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The fens, marshlands of East Anglia (from Waterland 1992)

Children [are those] to whom, throughout history, stories have been told, chiefly but not always at bedtime, in order to quell restless thoughts; whose need of stories is matched only by the need adults have of children to tell stories to, of receptacles for their stock of fairy-tales, of listening ears on which to unload, bequeath those most unbelievable yet haunting of fairy-tales, their own lives … quoted from Waterland by George Landow in an essay on the novel (Studies in the Literary Imagination, 23:2 [Fall 1990]:197-211)

Friends and readers,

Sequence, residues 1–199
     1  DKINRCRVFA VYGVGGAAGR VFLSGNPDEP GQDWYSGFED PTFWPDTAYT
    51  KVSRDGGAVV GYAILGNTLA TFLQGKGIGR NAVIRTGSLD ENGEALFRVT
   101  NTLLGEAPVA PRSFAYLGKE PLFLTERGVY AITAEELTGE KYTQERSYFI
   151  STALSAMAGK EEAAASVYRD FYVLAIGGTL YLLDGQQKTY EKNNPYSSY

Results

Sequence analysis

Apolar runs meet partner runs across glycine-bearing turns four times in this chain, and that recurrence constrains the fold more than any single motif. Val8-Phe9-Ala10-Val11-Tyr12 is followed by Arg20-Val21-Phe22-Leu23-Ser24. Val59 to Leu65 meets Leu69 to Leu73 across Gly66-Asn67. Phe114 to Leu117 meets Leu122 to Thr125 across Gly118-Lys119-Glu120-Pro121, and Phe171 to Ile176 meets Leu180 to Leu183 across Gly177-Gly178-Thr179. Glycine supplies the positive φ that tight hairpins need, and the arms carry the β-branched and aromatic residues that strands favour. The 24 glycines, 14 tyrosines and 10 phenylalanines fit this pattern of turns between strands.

One of my kind Net-friends, someone who writes to me and whom I write back to a lot, we read together, share thoughts, asked me tonight if I could recommend some gentle, gentle movie and how hard they are to come by. I did have one, I watched it over the past two nights, as well as much of the voice-over commentary and a feature on the music: Waterland, directed by Stephen Gyllenhall, scripted by Peter Prince, based on a profound and inexhaustible novel by Graham Swift: Waterland. Yes, another Booker Prize book, this one merely short-listed. I listened to Christian Rodska read it aloud on an MP3 in my car on and off for a few weeks. So you can say it’s provided much imaginative and spiritual and intellectual sustenance for me. I gave the course I did this season on these books, because they are themselves inexhaustible, so many and still coming, and yet there is a core similarity among most of them, one that answers to needs in my lonely soul.